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Alli Rainey: Improve Your Climbing – Power Endurance Continued (Part 7)

Wednesday, October 8th, 2014

alli-rainey-improve-climbing-power-endurance-part-6-01Part 6:

The big-picture answer to regularly improving your power endurance, as I’ve mentioned before, is to train to improve your strength, especially in your areas of greatest weakness, during the off-season (pretty much any lengthy period time you’re not trying to send hard routes/compete, often meaning the winter season here in the U.S.).

Along with its cohorts, power and endurance, your power endurance potential relates to your maximal strength level. Every climber has a certain level of maximal power he or she can generate for any single given climbing move (or explosive lift in the weight room). It’s physiologically impossible for anyone to dish out that entire amount of power repeatedly – that would be a 100 percent conversion of power to power endurance, meaning that you are superhuman.

But once you’ve spent a season (or longer) focused on strength training, you’ll likely need a break. You’ll want to spend some time building up your other climbing-related skill sets than can and should improve after a soundly planned and well-executed season of strength work. You’ll want to discover the new potential you have after building more strength — it’s exciting!

To repeat what I’ve mentioned earlier in this series: what we’re after when we talk about building up our power endurance for sport climbing is improving our ability to dish out a substantial portion of our current maximal power base repeatedly throughout a series of climbing movements with no real stopping or recovery. Depending on who we are, this type of effort can rapidly push us to or past our anaerobic threshold as well (or we may experience power failure before we get pumped). Thus, your power endurance depends ultimately not only on how much absolute power you have but also on a few other factors – including the following two major ones that I’ll touch on (one today, one tomorrow).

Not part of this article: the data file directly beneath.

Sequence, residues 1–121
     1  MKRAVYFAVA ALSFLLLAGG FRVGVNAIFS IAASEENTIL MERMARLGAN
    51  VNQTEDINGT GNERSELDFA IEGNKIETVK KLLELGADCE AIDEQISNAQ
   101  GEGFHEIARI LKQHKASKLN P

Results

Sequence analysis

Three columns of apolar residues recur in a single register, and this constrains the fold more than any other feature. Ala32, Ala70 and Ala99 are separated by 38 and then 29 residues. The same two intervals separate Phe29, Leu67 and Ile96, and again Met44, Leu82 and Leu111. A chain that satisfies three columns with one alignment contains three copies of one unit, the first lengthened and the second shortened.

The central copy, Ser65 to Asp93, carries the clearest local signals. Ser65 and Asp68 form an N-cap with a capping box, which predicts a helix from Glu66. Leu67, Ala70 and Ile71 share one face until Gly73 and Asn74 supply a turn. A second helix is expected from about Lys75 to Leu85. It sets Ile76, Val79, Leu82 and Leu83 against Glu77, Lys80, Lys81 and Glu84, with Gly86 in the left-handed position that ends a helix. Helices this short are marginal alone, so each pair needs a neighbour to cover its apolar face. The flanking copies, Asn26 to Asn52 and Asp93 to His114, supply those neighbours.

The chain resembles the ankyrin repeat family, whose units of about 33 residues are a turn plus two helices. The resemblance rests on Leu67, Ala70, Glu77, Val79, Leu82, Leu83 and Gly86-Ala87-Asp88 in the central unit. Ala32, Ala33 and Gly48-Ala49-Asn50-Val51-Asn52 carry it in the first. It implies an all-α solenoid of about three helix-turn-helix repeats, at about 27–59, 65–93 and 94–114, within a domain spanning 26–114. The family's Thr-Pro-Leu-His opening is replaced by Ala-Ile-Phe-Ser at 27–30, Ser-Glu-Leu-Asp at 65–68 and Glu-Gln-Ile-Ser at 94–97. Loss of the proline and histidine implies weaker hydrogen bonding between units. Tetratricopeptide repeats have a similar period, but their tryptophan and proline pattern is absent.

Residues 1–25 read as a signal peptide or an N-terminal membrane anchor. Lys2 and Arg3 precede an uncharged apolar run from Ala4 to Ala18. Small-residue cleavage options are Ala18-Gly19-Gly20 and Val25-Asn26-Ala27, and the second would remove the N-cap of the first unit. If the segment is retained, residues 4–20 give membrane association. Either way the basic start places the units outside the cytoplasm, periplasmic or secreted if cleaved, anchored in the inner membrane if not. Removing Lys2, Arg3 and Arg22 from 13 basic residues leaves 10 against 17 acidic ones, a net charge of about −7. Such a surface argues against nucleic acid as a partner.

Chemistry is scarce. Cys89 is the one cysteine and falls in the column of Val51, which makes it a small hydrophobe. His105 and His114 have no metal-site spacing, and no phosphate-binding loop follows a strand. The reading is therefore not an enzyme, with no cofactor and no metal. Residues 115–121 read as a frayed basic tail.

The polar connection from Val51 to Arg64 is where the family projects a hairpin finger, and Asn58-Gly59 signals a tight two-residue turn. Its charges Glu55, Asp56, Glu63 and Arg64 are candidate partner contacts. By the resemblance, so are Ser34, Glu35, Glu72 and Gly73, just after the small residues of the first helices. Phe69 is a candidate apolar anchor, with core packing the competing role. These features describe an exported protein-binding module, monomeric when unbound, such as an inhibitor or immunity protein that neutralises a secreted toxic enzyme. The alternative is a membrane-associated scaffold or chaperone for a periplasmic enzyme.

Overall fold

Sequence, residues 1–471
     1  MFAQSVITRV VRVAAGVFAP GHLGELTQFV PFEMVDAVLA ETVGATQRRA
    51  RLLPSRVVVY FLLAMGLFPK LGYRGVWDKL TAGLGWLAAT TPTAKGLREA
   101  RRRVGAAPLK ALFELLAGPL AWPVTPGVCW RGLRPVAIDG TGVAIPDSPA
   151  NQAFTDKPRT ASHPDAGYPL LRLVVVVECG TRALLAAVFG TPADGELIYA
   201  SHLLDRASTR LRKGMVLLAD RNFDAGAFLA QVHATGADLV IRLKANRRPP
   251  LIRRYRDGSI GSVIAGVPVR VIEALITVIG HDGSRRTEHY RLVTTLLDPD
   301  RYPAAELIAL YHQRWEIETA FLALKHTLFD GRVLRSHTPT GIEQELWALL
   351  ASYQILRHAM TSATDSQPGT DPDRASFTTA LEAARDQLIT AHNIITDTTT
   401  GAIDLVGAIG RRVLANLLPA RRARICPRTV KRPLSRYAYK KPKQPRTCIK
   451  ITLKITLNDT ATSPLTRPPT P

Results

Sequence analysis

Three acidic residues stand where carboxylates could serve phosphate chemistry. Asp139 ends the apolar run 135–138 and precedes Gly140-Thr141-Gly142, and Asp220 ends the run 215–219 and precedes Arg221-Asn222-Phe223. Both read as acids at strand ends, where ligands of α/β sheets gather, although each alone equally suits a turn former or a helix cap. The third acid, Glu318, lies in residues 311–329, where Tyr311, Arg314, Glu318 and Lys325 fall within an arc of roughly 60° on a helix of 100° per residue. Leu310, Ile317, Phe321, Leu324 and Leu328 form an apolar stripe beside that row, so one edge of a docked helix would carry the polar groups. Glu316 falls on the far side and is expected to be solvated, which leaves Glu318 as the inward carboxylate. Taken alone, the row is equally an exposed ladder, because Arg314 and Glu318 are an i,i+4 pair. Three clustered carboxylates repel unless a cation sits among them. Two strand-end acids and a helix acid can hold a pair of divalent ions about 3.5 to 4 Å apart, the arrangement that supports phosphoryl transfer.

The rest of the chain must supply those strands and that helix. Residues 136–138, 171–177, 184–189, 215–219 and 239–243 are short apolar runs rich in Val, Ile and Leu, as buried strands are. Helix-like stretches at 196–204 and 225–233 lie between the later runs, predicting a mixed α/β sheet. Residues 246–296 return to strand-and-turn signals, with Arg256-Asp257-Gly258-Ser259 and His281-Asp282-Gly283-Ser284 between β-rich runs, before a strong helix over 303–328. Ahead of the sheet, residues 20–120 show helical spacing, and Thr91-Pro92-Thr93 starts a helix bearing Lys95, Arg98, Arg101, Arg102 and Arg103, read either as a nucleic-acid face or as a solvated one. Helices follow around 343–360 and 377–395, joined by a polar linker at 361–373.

One factor is genetic (training) potential, or the natural limit your particular body can reach in this department given your current strength level. Genetic potential is a sucky reality of athletic training – some people are just born with more of it than others, in terms of some or all areas of athletic abilities pertinent to climbing prowess.

In terms of power endurance, the reality of genetic potential can play out as follows (for example): one person with a much bigger power base than another person may not – even with the same amount or even more of high-quality, targeted training – ever be able to dish out nearly the same amount of that power with any consistency as a person with a much more diminutive power base.

So while both of these people can train to increase the overall size of their particular climbing-relevant power bases via strength training and conversion-to-power training, the latter person (who actually has less maximal power than the former) will likely see greater improvements in their power endurance with less training time put into power endurance. After a winter of strength training, these types also often will net a bigger bump in their power endurance output than the former, even if their strength/power gains/levels are less substantial overall.

This doesn’t mean the former (often more power-based/usually higher percentage of fast-twitch comprised) person can’t improve their power endurance. It just means that it will be harder and take longer and should likely be a greater focus in the yearly training plan than it is for the less-powerful but naturally better-at-dishing-out-big-portions-of-that-lesser-power person.